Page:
News / South Africa / Local News

Sheina Razack
4 minute read
9 May 2018
10:57 am

Benoni baby’s death hospital’s fault, say parents

Sheina Razack

The family is seeking legal assistance to help shed light on the incident.

A baby died at Life The Glynnwood recently.

“I hold them responsible” were the words of grieving parent Hannes Roets, whose infant son recently died at Life The Glynnwood Hospital in Benoni, reports Benoni City Times.

The incident was brought to the attention of Benoni City Times after the parents, Hannes and his wife, Annette, from Springs, were seeking answers from the hospital regarding their infant’s death in October last year.

READ MORE: ‘I had to pull my baby out of myself’: Horror stories of births at Yusuf Dadoo

Baby Jacques David Roets was born at 30 weeks on October 14 and died on October 28.

The couple chose the Benoni hospital because Annette’s doctor practised in this hospital.

According to the Roets’, the following took place at the hospital:

The doctor said Jacques was so strong at birth that he did not need an incubator, but an hour later, he was in one.

By the seventh day, the baby’s oxygen saturation (SATS) of 90 per cent/100 per cent dropped to 60 per cent and he was red from head to tummy and white downwards.

One of the nurses said the infant needed to be placed on a nebuliser, and as she tried to remove the air pipe, the parents noticed that the air pipe had a plaster around the supply pipe. This resulted in the baby having a breathing restriction.

“The pipe was fixed and the SATS increased and breathing returned to normal,” Hannes said.

At night, the parents called the hospital, but the call was not answered until a few attempts later when they finally got through to the neonatal intensive care unit (NICU).

“My wife met with the hospital about the pipe incident and we were told that it was to save costs,” Hannes said.

On October 27, Jacques was taken out of the red zone to the orange zone but that evening Jacques was yellow and had purple veins.

“The sister then drained his stomach and told us to go home,” Hannes said.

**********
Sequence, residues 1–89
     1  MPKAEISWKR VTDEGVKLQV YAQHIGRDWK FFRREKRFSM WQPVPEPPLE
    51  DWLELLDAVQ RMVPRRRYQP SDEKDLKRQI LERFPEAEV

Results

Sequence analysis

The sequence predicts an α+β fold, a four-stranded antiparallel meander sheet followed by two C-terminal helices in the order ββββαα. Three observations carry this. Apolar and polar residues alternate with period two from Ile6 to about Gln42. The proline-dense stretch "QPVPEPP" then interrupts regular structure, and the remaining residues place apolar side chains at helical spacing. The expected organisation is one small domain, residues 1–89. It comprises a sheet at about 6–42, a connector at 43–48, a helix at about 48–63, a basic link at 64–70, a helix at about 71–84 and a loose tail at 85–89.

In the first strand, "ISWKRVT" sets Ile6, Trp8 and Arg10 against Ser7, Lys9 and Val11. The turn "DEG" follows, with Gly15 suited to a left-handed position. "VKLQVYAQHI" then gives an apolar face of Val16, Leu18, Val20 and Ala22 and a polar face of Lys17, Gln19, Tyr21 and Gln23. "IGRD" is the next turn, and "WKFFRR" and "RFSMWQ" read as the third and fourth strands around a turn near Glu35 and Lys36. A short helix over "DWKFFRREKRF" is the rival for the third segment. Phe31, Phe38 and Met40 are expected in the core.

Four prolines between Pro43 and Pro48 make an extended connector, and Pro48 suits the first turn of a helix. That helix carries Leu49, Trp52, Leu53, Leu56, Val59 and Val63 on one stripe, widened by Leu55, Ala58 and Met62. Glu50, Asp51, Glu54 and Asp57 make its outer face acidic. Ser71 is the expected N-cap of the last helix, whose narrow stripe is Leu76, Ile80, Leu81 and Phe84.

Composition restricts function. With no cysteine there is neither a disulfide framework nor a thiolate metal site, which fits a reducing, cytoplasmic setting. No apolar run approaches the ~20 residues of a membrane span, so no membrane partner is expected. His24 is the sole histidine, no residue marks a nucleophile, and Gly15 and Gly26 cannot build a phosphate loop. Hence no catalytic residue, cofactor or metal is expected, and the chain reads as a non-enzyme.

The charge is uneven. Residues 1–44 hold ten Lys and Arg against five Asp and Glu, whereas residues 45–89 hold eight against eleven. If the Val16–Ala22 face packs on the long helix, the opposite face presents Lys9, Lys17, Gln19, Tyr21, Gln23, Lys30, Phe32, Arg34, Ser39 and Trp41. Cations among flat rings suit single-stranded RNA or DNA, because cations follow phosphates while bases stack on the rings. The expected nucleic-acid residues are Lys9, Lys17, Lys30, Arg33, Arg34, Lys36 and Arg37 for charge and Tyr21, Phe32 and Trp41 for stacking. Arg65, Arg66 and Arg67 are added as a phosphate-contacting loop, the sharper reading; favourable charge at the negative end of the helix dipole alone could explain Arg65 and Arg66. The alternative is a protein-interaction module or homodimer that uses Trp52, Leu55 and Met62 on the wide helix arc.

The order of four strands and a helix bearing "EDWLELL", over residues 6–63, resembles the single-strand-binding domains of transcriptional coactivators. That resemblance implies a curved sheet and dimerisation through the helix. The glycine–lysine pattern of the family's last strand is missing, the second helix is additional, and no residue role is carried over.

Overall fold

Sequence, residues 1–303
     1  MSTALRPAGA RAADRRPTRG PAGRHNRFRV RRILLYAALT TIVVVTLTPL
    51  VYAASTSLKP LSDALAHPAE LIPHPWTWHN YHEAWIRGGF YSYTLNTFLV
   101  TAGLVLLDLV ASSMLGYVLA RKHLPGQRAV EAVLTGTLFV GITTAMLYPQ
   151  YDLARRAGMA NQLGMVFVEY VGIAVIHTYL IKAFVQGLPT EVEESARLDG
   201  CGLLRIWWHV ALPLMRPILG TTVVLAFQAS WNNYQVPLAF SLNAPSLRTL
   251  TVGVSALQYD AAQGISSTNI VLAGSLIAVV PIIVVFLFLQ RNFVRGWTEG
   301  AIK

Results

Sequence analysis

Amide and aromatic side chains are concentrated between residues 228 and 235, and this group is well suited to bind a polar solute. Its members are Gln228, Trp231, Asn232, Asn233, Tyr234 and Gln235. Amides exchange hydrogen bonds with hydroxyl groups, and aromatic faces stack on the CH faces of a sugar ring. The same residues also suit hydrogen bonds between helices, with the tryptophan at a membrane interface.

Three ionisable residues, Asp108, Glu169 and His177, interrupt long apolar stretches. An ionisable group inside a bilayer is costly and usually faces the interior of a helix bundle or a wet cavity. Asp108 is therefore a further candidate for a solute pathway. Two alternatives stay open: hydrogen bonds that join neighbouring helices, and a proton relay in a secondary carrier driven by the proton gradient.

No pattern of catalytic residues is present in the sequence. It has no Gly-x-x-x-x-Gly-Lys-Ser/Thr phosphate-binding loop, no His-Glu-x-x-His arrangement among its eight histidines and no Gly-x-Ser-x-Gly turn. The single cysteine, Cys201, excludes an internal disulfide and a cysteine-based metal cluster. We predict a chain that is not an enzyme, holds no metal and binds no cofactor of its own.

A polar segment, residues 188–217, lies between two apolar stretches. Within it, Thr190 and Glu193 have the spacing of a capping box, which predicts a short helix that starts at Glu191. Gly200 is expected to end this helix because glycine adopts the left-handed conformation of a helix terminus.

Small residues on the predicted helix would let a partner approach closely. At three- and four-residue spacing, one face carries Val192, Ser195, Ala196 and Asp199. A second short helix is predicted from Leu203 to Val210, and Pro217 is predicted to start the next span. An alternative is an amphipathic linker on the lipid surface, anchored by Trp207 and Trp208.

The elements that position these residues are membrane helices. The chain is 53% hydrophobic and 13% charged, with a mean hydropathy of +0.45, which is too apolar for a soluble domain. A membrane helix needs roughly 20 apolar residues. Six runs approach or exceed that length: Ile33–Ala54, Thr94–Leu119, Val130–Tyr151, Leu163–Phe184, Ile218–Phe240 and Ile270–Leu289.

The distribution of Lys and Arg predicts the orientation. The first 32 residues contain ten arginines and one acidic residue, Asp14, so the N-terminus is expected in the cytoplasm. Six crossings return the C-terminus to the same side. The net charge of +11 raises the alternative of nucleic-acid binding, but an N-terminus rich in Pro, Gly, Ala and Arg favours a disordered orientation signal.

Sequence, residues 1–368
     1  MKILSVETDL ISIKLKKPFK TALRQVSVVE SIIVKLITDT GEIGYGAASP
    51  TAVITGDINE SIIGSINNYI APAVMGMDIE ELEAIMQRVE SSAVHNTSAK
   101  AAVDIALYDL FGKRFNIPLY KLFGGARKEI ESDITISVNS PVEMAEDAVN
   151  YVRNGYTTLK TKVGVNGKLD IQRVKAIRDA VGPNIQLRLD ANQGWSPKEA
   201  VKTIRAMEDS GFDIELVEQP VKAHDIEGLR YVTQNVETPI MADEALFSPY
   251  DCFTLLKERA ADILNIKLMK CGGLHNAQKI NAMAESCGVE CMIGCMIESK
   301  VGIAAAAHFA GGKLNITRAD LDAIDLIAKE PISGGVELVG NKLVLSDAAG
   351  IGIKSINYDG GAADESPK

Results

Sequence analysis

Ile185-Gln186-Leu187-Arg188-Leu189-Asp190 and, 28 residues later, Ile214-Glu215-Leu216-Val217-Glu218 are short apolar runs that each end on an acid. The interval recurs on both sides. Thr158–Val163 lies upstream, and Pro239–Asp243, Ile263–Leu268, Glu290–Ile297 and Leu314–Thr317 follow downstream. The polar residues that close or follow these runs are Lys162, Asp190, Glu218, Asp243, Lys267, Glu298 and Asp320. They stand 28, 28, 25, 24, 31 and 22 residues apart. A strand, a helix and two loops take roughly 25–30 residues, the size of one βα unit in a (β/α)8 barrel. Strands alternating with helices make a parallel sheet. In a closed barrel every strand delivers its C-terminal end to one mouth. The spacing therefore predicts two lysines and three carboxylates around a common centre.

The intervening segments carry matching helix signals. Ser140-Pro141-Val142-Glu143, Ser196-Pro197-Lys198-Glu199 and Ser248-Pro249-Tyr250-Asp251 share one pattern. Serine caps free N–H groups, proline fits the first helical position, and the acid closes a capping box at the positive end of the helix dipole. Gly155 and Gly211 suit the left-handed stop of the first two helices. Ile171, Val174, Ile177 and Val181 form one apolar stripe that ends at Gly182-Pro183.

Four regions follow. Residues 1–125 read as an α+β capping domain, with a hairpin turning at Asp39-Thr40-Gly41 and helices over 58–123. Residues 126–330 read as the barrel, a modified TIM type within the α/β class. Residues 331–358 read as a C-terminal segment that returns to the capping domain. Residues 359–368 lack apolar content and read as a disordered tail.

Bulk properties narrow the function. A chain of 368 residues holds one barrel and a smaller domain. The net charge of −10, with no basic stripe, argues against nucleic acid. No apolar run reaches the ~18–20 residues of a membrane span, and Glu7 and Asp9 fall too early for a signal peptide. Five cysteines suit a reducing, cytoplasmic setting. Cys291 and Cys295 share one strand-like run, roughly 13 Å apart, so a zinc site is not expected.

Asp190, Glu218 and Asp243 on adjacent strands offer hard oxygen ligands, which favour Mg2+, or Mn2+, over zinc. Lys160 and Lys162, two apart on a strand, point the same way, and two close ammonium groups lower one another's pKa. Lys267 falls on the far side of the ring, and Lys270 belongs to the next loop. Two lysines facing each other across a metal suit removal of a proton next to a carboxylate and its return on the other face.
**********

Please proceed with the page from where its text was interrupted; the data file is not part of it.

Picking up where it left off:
Later that evening the sister said Jacques was in good condition, he was asleep, and his SATS, blood pressure and oxygen were good.

Hannes said the doctor walked in after seven hours (since they left) and they were told they would be called at a later stage.

The weekend doctor could not reach their regular doctor, but she told the parents she suspected Jacques had an abdominal perforation.

Hannes said he was told the suspicion was correct and his son needed to be transferred to the Netcare Waterfall City Hospital, in Midrand, by ambulance where he and Annette could visit the child.

However, at 4am on October 28, the parents contacted the nurse to find out if the ambulance had arrived at Glynnwood yet, but there was no response.

“My wife and I arrived at the hospital at 5.20am and noticed there was no ambulance on either side of the hospital,” Hannes said.

The parents were then approached by the trauma sister who said they were resuscitating baby Jacques.

“I heard my wife screaming at the trauma sister, who then told her our baby had died,” Hannes said.

According to Hannes, it took the ambulance three hours to arrive.

Glynnwood Hospital has responded to the allegations.

Deon Smith, hospital manager at Life The Glynnwood, reiterated their sincere condolences to the family and said they are doing everything possible to provide support.

“The hospital’s management has held a number of meetings with the family to address their concerns,” Smith said.

“Our main priority is the safety and well-being of our patients. An internal investigation was conducted and has been concluded.”

Smith said the investigation was to understand the details of the incident and they are satisfied with the way that the doctors and the hospital staff responded to this situation.

“Life The Glynnwood follows strict patient confidentiality protocols, in line with Life Healthcare Group policies. Therefore, we are not at liberty to divulge further information on the matter,” he concluded.

However, the Roets’s remain unsatisfied with the service from Life The Glynnwood.

“My son has been buried and we are still receiving hospital bills,” he said.

The family is currently seeking legal advice.

They are meeting with the hospital again on Friday (May 11) to discuss the incident and the status of the investigation into their son’s death.

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